The Impressionist and Modern Art Evening Sale saw masterworks from the 19th and 20th centuries offered in Sotheby’s New Bond Street galleries, where an enthusiastic crowd engaged in competitive bidding on a number of works fresh to the market. The star lot, Claude Monet’s 1908 tour de force, Nymphéas, reaffirmed the continued strength of the market for works by this unrivaled master, selling for £23,731,624 in its auction debut.
Monet’s famous lily pond in his garden at Giverny provided the subject matter for most of his major later works, and their significance in forging the path for subsequent artists is now fully recognized. Monet’s legacy of experimental exploration can be considered as a precursor to the abstraction that came to prominence during the post-war years.
Nymphéas formed part of La Nouvelle Peinture: A Distinguished Family Collection, which also included Monet’s Printemps à Giverny, effet du matin, which sold for £3.1 million, alongside an exquisite landscape by Camille Pissarro.
The delicate yet assured brushstrokes of Les meules et le clocher de l’église à Eragny demonstrate Pissarro’s desire to innovate in the medium of painting. Considered one of artist’s finest landscapes from his period in Eragny, the painting found a new owner for £1.4 million.
Modigliani’s Jeune homme assis, les mains croisées sur les genoux hammer down at £18.4 million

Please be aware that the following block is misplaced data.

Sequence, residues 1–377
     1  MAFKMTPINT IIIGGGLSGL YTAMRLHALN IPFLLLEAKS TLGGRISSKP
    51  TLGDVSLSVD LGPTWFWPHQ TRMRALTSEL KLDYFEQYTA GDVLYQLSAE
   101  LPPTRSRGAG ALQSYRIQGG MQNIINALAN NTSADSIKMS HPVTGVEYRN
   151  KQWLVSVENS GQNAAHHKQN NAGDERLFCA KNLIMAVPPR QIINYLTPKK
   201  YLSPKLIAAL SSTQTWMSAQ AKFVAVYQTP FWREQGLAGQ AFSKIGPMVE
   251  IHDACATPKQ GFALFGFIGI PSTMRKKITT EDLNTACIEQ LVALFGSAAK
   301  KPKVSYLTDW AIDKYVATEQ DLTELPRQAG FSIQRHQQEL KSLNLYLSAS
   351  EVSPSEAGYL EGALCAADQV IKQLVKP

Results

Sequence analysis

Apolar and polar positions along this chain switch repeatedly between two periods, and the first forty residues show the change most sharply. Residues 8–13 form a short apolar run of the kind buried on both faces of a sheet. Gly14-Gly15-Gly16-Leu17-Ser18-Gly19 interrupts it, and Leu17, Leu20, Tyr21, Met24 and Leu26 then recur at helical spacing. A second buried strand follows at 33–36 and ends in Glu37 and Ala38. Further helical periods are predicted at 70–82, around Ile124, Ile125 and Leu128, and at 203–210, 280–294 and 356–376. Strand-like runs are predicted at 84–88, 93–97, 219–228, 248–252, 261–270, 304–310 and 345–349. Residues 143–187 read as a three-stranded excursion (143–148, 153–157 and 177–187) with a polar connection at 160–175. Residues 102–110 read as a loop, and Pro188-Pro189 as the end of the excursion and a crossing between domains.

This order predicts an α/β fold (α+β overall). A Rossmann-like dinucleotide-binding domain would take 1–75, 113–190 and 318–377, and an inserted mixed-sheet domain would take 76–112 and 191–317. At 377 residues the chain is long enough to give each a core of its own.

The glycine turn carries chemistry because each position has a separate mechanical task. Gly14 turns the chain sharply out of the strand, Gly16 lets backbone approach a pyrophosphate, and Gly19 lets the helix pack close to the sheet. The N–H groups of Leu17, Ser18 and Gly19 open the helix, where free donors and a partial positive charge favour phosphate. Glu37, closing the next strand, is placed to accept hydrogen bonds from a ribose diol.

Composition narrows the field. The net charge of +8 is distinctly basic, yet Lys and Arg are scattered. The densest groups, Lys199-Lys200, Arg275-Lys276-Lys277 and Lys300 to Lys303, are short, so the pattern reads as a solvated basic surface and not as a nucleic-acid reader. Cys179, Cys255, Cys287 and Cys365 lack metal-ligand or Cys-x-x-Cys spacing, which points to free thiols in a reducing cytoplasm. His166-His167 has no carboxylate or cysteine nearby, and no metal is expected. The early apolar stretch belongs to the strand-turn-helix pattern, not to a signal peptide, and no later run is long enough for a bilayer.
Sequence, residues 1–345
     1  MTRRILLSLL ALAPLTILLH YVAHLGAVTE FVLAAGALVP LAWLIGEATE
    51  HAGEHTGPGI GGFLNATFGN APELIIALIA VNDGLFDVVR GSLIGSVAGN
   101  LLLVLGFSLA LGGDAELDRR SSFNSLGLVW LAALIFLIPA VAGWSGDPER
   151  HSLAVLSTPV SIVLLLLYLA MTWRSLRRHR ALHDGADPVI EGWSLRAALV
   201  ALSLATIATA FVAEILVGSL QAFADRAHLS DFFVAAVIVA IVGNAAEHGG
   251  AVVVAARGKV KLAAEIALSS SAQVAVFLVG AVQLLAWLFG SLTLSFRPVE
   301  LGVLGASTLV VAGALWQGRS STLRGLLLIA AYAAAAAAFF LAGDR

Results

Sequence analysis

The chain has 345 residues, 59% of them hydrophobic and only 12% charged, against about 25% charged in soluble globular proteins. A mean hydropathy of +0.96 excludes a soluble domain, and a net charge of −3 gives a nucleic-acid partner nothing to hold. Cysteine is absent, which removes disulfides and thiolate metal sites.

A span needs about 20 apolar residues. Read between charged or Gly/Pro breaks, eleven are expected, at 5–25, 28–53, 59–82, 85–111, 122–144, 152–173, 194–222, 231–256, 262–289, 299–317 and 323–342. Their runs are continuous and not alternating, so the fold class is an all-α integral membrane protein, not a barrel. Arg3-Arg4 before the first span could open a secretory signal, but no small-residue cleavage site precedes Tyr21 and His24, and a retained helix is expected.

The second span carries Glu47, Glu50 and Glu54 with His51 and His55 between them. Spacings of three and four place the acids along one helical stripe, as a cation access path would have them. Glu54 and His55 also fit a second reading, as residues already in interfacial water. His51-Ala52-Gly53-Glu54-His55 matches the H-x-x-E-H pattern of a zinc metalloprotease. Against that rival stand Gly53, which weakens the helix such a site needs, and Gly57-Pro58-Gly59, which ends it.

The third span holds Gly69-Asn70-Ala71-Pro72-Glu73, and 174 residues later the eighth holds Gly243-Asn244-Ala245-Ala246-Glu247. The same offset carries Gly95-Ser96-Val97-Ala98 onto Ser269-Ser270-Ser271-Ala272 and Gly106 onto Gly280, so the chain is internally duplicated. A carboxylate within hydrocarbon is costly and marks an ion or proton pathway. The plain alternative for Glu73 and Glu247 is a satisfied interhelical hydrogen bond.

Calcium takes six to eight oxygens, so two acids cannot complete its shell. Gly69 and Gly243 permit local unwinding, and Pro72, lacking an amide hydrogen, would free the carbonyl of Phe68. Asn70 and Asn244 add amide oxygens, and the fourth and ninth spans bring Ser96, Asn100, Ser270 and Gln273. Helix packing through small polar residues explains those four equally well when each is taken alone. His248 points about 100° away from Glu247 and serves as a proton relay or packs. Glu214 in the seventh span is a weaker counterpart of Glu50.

Amedeo Modigliani’s transfixing portrait Jeune homme assis, les mains croisées sur les genoux, painted during the artist’s time on the French Riviera, saw three bidders drive the price to £18.4 million,proving portraits by Modigliani still command robust results. In 2018, Nu Couché (Sur Le Côté Gauche) became the most valuable work ever sold at Sotheby’s, hammering down at $157.2 million in the Impressionist & Modern Art Evening Sale in New York in May 2018.
An exceptional example of Surrealist master René Magritte’s oeuvre — incorporating a female nude and his famous cloud motif — La magie noireperformed strongly, selling above its high estimate for £4.1 million. It was accompanied in the sale by another of Magritte’s dream-like compositions, Le grand matin which soared to £3 million.
An exceptional Henri Matisse still life from the collection of artist Enrico Donati sold for £4.3 million; Vase d’anémones — a vibrant, lyrical still life from the period shortly before the artist ceased painting due to ill-health; the forms in this work a precursor to the graphic style used in the paper cut-outs for which he would become widely celebrated in his later years.
Other highlights of the evening include Pablo Picasso’s Homme à la pipe, conceived on a grand scale and painted with energy and invention, found a new owner for £7.6 million, and Marc Chagall’s ethereal La calèche volante sold for £2.3 million. Also bringing the saleroom to life was Joan Miró’s playful yet political Peinture (L’Air), which rose to £12 million.
An exquisite restituted Parisian scene not seen on the market in over 70 years, Boulevard Montmartre, fin de journée, also by Camille Pissarro, and from the collection of Alfred and Gertrud Sommerguth achieved £7.1 million, double its pre-sale estimate. The sale achieved a total of £98.9 million.